Entries in woodland garden (92)

Saturday
Oct292016

October's End: the Good and Bad

I will begin with the bad:

This is a recent news photo of Lake Purdy, from which Birmingham, Alabama gets its water. Residents of Birmingham and its suburbs are under strict, mandatory water restrictions because of the drought that has extended for over two months, with no end in sight. I live about twenty miles south of Birmingham, and we get our water from other sources, mainly from underground aquifers. We have not yet been hit with mandatory restrictions; but with some doomsayers predicting the drought to continue through the end of the year, I can feel the restrictions coming. Helena has not had a drop of rain in October, and we only had a few drops in September. The drought has been especially bad because of daytime temperatures continuing well into the 80's every day.

Meanwhile, we try to keep important shrubs watered, but with 3.5 acres, it is impossible and prohibitively expensive to water everything. Many leaves look like this:Fothergilla normally has beautiful fall foliage. Not this year!

But here is the good! Despite the drought, there is still beauty out there, especially if one looks through the golden light of late afternoon. So here is a tour. This is likely to be as good as it gets until rain returns.

I will begin with fall flowers:This area by the front walk is brightened by various salvias, lantana and gomphrena. I planted the red snapdragons on the right a year ago. They survived last winter and continued to bloom all this year.They are still going strong. Amazing!Autumn sage and blue salvia

'Black and Bloom' salviaClockwise from top left: Marigold; Asters; Mexican Sage; 'Endless Summer' hydrangea.

This creamy lantana is another low maintenance, front garden bloomer.Most of the Asclepias (butterfly weed) has finished blooming, but I came across these seed pods the other day:

Firebush is still blooming, but I am beginning to see seed pods on that plant, too:

One day I brightened my patio with some leftover cut zinnias from the grocery store; I stuck them in a vase with a spray of Mexican sage.:

Here are random views from around the garden:

Forsythia (Yellow bells) is a common shrub with lovely fall colors, even during drought. This plant never gets supplemental water.

This wren hangs around our patio.

An ancient muscadine vine grows in the woodland garden.
Clockwise from top: Japanese maple; Southern Magnolia; Alabama Croton.

Do you see the bug on the hickory nut shell?

I hope you enjoyed the tour! Blessings to you all, Deb

 

Sunday
Oct092016

Getting Through October

I plan to get up early tomorrow and spend the day cleaning the garden and getting rid of the dead stuff. I will feel better if I don't have to look at the brittle corpses of plants that once were healthy and full of blooms. We have had no rain since the bit we got two weeks ago, and the weatherman is saying the current drought will extend at least until November.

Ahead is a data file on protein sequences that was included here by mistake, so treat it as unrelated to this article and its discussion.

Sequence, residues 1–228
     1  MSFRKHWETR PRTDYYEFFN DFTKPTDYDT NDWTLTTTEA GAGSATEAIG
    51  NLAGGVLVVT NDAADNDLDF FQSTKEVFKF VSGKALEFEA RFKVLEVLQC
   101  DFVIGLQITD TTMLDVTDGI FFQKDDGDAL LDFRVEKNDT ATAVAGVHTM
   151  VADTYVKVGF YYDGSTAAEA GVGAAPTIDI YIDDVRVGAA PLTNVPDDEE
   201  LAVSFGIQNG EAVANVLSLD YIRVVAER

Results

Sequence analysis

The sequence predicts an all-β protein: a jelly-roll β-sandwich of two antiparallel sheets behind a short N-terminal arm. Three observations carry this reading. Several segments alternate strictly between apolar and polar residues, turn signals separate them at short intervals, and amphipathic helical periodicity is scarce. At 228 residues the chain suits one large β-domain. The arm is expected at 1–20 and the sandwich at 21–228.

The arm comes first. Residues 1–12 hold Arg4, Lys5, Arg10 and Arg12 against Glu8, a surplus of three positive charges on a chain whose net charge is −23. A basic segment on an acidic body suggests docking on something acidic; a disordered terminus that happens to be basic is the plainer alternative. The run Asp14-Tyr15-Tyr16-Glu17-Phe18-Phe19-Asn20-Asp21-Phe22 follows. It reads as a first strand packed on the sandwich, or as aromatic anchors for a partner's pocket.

We just need to get through October. Many leaves are shriveling on the trees and shrubs, then falling in gray heaps. The grass is crispy tan. But I am fortunate to have a lot of evergreens that adapt to whatever the climate delivers; so at a glance the garden doesn't look too bad.


This is a view overlooking the woodland garden. The 'Saybrook Gold' junipers have proved durable through all seasons.

A little farther up the drive from the 'Saybrook Gold' junipers is my beloved 'Feelin' Blue' Deodar Cedar. Behind it is a Trident Maple, a Forsythia, and a huge Southern Magnolia.

This Anise 'Florida Sunshine' has prospered in the woodland garden with minimal care. The leaves have a wonderful fragrance.

Mahonia 'Soft Caress' is another woodland garden plant that has done well though our drought. It took a couple of years to become established and needed babying at first, but now it has begun to thrive.

Here are a few additional shots I took as I walked around this afternoon:My Fuyu Persimmon tree is still growing in a pot, though I plan to transplant it someday. The fruit is almost ready to pick.

Our sweet bell peppers did poorly through the summer, and I was getting ready to pull them up when I noticed new growth in September. I began a fresh regimen of watering and fertilizing with fish emulsion, and look at them now! One of them is turning red. For maximum flavor I like to leave them on the vine until they have fully ripened.

Assorted ornamental kale adds a pretty accent to the fall vegetable garden. It's edible but not particularly tasty.

Look close. Do you see the ants? I did not see them until I enlarged the photo on my computer. Now I need to see if this Asclepias has aphids!

These common asters are blooming despite almost total neglect. A pure golden green sweat bee ( Augochlora pura) appreciates the nectar.